Having said that, I’m a fan of the 4-3-3. It puts pressure on the defense and goal-keeper at times, but I think it makes the best use of our talent. Some want to see more of a 4-2-3-1, but I thought we looked terrible playing in that formation at the end of the 2008-2009 season. We don’t have two defensive midfielders that I would start. Certainly not at the expense of one of our more skilled players. Additionally, we got the best out of our best players in the 4-3-3. Cesc and RVP really shine in that formation. Cesc in particular really struggled when he was asked to come from a deeper position.


So from my viewpoint, I’d like to see us stay in the 4-3-3 and do the one thing that we must do if we don’t want to concede buckets of goals; press the ball. Barcelona (everyone’s favorite DNA laboratory), plays a 4-3-3 and they defend from the front. It gets much easier to create scoring opportunities against Barca once you get that ball across midfield, but it’s next to impossible to get the ball into the attacking area at times. When Barca came to the Emirates, we were pinned in our own half for nearly the entire first 45 minutes. And it was all down to work-rate and aggressive ball pressure. We did that at the start of last season, and then mysteriously lost the appetite. We must do that for 90 minutes of every match this season or it’s going to be another long winter of complaining about giving away bad goals.


Some players shined over the weekend and a few struggled. For me, the biggest winner in the race to secure a first team spot was Frimpong. Since he’s English, cue the soul-crushing expectations. Theo will be happy to hand the weight of that expectation to anyone who is willing to take it. But Frimpong looked strong, self-assured, and seemed to have a decent grasp of tackling. While that should come naturally to a DM, you need only to look at Denilson to realize that it’s not always that simple. Whether Frimpong is ready to be the second choice to Alex Song is unclear. His first half against Celtic was suspect. He was a little to fancy with the ball at his feet and the one thing you absolutely cannot do when you’re playing DM for Arsenal is get caught in possession. Celtic’s best scoring opportunities of the first half came from Frimpong turnovers. But some consideration must be given to the fact that Frimpong played two games in two days. So if you make some allowances for tired legs, then I think you’d have to say that he earned place in Wenger’s plans this season.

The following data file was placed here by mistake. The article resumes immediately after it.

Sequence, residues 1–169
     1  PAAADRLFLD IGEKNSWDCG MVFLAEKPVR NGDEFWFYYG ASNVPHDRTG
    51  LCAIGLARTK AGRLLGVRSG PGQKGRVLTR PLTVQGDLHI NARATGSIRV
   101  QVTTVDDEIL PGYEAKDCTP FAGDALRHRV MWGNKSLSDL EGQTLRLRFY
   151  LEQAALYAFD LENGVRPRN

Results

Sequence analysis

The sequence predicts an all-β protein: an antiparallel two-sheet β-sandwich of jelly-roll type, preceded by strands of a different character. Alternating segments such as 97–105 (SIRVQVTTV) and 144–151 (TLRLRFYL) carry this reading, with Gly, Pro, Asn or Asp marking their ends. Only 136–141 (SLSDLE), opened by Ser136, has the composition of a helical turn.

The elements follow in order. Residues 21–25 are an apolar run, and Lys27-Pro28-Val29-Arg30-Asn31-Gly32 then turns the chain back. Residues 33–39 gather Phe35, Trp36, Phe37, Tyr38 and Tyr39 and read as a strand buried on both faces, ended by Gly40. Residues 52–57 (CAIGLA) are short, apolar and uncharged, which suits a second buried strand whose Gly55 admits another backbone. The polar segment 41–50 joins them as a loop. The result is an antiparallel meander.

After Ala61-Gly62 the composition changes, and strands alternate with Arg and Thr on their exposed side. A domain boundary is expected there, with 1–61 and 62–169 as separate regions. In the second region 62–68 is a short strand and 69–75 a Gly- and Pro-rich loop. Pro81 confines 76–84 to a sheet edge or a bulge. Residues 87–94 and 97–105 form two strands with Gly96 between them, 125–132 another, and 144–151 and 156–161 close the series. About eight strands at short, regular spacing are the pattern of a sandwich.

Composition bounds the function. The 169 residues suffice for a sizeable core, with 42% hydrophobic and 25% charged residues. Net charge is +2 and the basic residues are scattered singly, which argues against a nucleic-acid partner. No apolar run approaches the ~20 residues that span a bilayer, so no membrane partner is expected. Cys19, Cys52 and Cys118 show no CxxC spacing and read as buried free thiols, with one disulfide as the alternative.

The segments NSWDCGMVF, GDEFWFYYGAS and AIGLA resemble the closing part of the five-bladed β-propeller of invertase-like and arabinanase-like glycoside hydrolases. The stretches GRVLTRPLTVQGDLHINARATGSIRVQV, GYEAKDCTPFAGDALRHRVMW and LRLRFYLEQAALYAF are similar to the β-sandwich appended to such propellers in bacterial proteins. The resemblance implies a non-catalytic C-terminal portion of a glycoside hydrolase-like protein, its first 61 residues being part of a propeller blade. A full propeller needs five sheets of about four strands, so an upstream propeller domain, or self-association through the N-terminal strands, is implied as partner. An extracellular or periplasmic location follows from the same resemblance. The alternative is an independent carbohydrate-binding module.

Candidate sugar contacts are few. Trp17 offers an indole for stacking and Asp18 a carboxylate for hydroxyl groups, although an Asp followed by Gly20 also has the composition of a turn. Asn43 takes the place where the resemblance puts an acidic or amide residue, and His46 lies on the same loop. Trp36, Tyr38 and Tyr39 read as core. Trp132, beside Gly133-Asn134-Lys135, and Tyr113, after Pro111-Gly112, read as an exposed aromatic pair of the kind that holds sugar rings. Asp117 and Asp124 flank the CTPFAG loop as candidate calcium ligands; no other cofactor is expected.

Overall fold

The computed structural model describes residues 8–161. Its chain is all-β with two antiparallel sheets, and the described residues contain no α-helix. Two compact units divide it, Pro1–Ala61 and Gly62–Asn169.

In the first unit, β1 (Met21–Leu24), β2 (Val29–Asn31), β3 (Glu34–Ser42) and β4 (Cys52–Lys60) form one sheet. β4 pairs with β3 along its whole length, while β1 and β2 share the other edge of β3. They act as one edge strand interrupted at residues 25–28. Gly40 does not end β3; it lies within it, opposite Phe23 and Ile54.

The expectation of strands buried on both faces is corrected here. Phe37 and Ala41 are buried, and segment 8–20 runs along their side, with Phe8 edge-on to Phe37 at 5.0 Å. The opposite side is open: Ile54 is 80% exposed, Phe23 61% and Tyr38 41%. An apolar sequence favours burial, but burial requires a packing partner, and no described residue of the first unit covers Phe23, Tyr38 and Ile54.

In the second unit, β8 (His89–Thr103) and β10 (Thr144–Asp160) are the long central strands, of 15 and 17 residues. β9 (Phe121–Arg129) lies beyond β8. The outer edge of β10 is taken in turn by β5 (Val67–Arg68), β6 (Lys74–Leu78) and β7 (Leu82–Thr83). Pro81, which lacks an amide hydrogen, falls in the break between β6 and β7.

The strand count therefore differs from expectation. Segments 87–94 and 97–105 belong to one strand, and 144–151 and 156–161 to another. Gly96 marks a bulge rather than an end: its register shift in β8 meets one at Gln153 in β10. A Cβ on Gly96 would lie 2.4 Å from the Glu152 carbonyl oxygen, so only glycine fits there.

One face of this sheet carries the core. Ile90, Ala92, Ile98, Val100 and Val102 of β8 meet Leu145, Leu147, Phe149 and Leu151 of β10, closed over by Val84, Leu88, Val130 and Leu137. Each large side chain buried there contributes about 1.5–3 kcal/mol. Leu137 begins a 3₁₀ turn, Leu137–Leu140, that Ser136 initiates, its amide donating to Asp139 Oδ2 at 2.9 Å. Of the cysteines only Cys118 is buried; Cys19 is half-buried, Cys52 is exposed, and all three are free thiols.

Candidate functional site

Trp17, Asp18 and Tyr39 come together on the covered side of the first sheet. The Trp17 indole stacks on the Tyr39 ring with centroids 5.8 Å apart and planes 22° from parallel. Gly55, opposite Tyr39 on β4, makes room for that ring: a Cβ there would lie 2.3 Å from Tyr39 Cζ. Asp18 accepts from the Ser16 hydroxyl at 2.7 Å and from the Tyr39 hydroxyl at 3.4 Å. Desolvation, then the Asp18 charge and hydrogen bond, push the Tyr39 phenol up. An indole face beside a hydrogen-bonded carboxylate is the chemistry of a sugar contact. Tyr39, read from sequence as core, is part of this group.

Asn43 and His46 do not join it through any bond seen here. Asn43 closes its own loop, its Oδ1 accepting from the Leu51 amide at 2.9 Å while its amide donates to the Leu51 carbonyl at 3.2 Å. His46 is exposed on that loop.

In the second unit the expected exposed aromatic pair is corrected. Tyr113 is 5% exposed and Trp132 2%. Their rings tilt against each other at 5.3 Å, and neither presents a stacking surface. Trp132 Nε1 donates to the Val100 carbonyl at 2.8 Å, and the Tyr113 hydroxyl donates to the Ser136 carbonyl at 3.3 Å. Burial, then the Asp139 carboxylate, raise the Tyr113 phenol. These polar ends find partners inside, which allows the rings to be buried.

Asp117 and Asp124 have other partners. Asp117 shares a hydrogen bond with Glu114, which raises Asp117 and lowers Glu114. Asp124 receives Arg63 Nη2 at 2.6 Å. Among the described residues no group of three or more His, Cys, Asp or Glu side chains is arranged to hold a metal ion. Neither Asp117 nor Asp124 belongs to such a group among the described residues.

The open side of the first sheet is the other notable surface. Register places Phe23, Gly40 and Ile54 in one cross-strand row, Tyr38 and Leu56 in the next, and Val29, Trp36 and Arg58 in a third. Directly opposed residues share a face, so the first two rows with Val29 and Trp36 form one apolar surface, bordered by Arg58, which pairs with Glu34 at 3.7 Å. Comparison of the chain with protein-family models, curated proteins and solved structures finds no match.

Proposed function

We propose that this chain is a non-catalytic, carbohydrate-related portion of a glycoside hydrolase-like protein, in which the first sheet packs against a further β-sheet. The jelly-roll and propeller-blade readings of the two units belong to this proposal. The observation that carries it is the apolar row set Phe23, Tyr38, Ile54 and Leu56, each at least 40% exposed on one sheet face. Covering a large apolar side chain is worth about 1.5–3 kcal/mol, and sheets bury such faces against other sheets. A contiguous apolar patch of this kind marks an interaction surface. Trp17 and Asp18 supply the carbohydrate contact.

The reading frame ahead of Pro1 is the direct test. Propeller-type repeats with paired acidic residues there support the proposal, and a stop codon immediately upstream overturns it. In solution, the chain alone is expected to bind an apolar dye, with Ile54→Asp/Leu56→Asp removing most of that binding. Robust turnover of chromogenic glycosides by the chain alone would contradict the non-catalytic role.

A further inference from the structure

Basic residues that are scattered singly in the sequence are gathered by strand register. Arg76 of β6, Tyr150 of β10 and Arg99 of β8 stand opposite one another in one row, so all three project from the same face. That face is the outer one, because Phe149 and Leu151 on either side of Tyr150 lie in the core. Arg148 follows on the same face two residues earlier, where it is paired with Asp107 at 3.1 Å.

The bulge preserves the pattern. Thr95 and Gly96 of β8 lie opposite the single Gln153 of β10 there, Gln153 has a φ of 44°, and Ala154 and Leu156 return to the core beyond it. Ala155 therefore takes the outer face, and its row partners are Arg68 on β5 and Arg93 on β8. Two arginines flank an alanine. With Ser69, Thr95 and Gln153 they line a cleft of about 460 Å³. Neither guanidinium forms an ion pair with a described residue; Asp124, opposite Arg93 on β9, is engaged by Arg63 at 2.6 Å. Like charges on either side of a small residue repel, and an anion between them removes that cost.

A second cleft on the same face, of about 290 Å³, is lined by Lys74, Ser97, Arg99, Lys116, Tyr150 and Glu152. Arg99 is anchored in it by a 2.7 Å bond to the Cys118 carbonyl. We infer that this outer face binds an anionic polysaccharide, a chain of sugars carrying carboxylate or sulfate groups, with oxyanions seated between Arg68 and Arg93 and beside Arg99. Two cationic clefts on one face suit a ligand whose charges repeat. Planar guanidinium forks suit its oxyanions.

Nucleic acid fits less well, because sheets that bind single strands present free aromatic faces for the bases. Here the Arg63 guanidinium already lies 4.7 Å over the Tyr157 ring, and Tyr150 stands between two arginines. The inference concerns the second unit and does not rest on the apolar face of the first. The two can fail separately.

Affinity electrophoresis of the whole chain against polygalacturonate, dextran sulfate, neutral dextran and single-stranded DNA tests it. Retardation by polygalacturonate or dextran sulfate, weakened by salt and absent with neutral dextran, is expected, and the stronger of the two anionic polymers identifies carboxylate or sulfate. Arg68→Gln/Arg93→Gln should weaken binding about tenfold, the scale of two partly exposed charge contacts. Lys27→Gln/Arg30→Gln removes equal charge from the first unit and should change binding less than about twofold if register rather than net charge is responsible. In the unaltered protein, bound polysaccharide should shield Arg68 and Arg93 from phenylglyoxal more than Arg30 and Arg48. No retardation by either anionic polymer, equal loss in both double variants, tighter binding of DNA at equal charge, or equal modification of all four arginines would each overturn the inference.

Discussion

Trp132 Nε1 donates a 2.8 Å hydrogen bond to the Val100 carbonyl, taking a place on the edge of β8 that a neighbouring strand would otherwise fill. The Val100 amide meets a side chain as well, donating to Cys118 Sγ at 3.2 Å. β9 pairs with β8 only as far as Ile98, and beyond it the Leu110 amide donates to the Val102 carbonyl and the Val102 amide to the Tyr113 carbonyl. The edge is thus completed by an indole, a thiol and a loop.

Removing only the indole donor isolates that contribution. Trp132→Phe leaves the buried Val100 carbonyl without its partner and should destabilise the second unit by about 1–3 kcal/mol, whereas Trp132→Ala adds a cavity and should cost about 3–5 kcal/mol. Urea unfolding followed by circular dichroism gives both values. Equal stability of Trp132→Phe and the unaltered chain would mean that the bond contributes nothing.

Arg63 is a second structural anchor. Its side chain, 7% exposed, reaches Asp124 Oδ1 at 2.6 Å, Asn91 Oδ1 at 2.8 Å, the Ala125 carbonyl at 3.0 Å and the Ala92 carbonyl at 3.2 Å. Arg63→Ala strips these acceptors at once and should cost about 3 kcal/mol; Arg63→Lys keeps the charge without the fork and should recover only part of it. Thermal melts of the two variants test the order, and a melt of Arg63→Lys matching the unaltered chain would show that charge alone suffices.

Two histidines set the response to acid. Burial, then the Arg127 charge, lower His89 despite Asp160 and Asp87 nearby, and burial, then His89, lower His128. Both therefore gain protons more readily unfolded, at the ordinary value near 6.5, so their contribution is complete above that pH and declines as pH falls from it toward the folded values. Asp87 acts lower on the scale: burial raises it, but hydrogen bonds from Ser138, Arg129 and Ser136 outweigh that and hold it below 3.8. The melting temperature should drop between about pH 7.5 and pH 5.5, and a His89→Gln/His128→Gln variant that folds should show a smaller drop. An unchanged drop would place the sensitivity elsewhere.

Jack Wilshere is another player that most people believe to have excelled over the weekend. I thought Wilshere was solid but unspectacular. He is still a little over-elaborate with the ball and a bit slow to distribute. His aggression is good but his tackling is very raw. The reason I tend to be very critical of Wilshere is because he’s not just some young prospect. People aren’t just tipping him for a place in the squad. They want to see him starting. Some suggest that he’s a ready made replacement for Cesc. That’s patently ridiculous. For me, Wilshere is still one for the future. There are too many players with more polish and experience ahead of Wilshere at the moment. And if Ramsey returns in early November with any kind of form, than he’s another player that Wilshere would have to climb past before he can play. It’s clear that Wilshere is going to stay at Arsenal, but I don’t see him contributing much to the team in the league or in Europe.